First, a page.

Arthur and Daniel Bannister were remanded on Jan 13 and were to both appear on Wednesday, the 15th, for a preliminary hearing. The whole event started a little chaotic with two different defense counsel going head to head over who was to represent the defendants. One of the lawyers threatened to have the whole affair investigated by the barristers’ society. Each defence counsel maintained that they had prior right to be defence counsel. All Bannisters ended up being represented by Murray Lambert, but not before the other lawyer made some ugly accusations.
The preliminary trials for Daniel, Arthur, and May Bannister took place between Jan 15 and Feb 26, about a month and a half. All prisoners were being held at Dorchester Jail, in Westmorland county, located directly behind the 2-story decaying courthouse. The hearings took a little longer than originally anticipated, there was an 8-day adjournment to mark the mourning of King George. During the preliminary hearings the crown outlined a motive for the crime. They held that May Bannister wanted a baby to put Milton Trites and Albert Powel under “moral obligation” and that when May couldn’t have a baby on her own, she tried to adopt one, and when that failed, they planned to kidnap the Lake baby.
During the hearings, there was an accusation brought against the RCMP by May Bannister suggesting that they threatened her to procure a statement. This accusation was heard by the courts and the RCMP corporal was fully exonerated.
During the preliminary hearing for May Bannister, several people were called as witnesses, that outlined and showed her passing off a large bundle of blankets as a newborn baby walking the streets in town and of also being a liar. Several testimonies were given by various bed & breakfasts where she had stayed, including the ones in December when she allegedly went away to have her baby. None of the testimonies provided made her out to be an upstanding citizen, yet none of these altered her emotions like that of Albert Powell. During his testimony she yelled out saying that was enough of his lies and threatened to throw something at him. Her defence counsel told her to keep quiet but she said she wouldn’t as he was going on with his lies for too long.
True bills were returned by the Grand Jury against Arthur, Daniel, and May Bannister on February 26th. A True Bill is the written decision by a grand jury that is has heard enough evidence from the prosecution to believe that the accused probably committed the crime and should be indicted. So, the indictment is then sent to the courts and a trial is scheduled.
A trial delay was requested by defence counsel due to issues surrounding the statements made by Arthur and Daniel that were not admissible in court but were leaked at the time. The judge denied the application trial delay and the trial of Arthur Bannister, the younger of the 2 brothers, was scheduled to start March 3rd. Arthur and Daniel were charged with the murder of Philip Lake, Bertha Ring (Lake) and with Kidnapping and Abducting their Daughter, Betty-Ann. May Bannister was facing charges of conspiracy to kidnap, kidnapping and abduction.
The courthouse in Dorchester, NB was packed. So much so the there was standing room only and many people, including the jurors, staying at the local hotel across the street. Dorchester wasn’t a very large town at the time, and it is much smaller today, but very quaint. Many reporters attended the trials from all over the country and from the united states. They described the throngs of people arriving in their cars and some in horses and buggies.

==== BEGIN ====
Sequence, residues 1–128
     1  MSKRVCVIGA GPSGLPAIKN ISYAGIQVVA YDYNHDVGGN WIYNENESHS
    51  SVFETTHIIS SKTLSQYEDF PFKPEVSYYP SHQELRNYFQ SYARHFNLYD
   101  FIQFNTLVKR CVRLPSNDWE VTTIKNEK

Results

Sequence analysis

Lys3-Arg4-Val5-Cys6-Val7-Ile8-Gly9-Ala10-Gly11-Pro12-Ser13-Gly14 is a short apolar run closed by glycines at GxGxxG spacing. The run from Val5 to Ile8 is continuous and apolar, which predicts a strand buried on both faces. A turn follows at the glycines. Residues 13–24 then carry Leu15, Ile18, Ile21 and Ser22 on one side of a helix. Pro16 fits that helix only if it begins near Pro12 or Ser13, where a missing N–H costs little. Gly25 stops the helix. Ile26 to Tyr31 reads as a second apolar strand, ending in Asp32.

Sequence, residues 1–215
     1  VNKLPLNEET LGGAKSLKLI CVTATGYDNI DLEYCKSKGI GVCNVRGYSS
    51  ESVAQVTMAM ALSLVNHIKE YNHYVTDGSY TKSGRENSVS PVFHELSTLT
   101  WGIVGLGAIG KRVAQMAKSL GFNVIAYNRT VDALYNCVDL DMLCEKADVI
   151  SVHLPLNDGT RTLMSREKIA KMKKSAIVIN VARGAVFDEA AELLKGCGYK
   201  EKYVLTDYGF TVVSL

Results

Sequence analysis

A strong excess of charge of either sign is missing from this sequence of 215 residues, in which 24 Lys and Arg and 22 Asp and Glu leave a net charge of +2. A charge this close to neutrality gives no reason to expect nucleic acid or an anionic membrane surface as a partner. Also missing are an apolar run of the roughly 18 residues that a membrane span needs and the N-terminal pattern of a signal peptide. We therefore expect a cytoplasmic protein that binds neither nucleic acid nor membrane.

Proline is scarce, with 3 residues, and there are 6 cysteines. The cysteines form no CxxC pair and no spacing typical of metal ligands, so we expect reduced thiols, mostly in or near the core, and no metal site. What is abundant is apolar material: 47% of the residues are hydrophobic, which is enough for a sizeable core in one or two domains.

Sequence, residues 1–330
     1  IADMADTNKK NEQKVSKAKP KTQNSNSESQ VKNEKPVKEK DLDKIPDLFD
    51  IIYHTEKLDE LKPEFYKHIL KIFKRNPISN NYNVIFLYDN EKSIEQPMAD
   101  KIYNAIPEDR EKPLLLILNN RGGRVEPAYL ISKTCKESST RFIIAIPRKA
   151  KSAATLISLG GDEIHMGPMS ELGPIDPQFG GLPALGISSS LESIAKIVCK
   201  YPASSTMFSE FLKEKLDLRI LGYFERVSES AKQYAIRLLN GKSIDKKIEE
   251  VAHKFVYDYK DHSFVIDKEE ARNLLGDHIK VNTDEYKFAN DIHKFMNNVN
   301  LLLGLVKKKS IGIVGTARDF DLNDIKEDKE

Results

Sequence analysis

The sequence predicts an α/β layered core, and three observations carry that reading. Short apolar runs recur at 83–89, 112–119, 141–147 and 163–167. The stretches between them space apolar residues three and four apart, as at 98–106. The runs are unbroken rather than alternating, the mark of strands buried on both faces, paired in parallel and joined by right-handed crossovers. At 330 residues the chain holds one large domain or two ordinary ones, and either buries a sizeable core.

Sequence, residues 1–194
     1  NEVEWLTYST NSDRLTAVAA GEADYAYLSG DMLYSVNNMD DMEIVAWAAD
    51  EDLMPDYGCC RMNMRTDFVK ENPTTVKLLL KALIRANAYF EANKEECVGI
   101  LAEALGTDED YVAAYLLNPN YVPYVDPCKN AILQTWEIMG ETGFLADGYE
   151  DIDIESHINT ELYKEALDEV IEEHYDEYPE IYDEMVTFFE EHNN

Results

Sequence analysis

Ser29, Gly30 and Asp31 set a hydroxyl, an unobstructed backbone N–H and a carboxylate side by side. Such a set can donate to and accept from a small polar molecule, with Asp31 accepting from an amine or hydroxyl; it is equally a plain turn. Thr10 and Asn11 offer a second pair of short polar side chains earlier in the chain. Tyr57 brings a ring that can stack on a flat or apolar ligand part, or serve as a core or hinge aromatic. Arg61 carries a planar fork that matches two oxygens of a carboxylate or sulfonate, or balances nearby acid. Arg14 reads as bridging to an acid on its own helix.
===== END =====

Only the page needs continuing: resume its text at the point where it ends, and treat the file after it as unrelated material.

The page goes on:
Arthur’s trial opened on March 3rd and he pleads not guilty. The case against Arthur was strong, albeit mostly circumstantial. He did not have an alibi, was seen on Jan 5th walking towards Pacific Junction with a rifle, his rifle was later recovered and the striations on the slug taken from Philip Lake’s skull matched those fired from Arthur’s rifle. His sister was the main witness for the prosecution. Betty Ann was taken into court to show everyone the strawberry birthmark on her hairline, which was accompanied by several witnesses that confirmed her identity and the RCMP who confirmed locating her at the Bannister home following a search warrant on the 10th of January. Daniel’s mitten, the bowie knife and Arthur’s rifle were entered into evidence. The trial itself wasn’t without some sort of drama and nonsense from the stands and the audience. When Otto Blakeney, the first person to discover the deaths of Philip, Bertha, and Jackie, was on the stand and was cross-examined on the identity of the baby, admitted he was a bachelor and didn’t know much about babies, but had said he saw the baby before and that Bertha had shown him the birthmark New Year’s day and after being questioned whether he was certain the baby was Philip Lake’s daughter he said he didn’t know if she was Philip’s but that it must have belonged to Bertha since she had her!. With that the audience started applauding and commenting and the Judge had to warn everyone to calm down or the courtroom would be cleared. Frances, Arthur’s younger sister, was a reluctant witness, the judge had threatened her with a jail term for contempt of court. This was because she wouldn’t answer the prosecution’s question on what Arthur told her when he came out of the Lake home and handed her the baby. She didn’t seem fazed by the threat and there is no record that she answered this question in court. Sergeant Peters of the RCMP, fainted while being cross-examined describing the horrific crime scene and the state that Philip’s remains were in, he allegedly was given the 2 gold teeth to examine at the same time. He was sent home due to illness. He had been fighting the flu but didn’t want to hold up the trial. Then, on the same afternoon, one of the jurors found out that his house burned down and had asked to be excused as a juror, which was flatly denied, but he was given the day to find temporary accommodations for his family. Defence argued on the validity of the ballistics analysis for quite a while and the examination became very heated. Defence counsel also questioned the actual identity of the burned body, maybe it wasn’t Philip’s. But his dentists stated he was positive the body was that of Philip Lake based on the dental work. Albert Powell was called to the stand the audience couldn’t stop whispering all the salacious details of the county’s rumours. However, his testimony was short, he described the unique markings on the rifle that enabled him to confirm that it was Arthur Bannister’s gun. All the while, Arthur sat twirling his hat and grinning, almost as though the reality of the situation didn’t sink in. Defence counsel tried his best to plant the seed of doubt into the minds of the jurors. The trial lasted 8 days and ultimately the jurors only took 3 hours to deliberate. They gave back with a guilty verdict. The judge said he would only pass judgement (sentencing) after the trials of Daniel, Arthur’s older brother, and May, their mother. However, a murder conviction held a mandatory sentence of death at the time. Arthur was then sent back to his cell. Shortly after conviction, Murray Lambert, Arthur’s lawyer, announced that he would appeal the decision.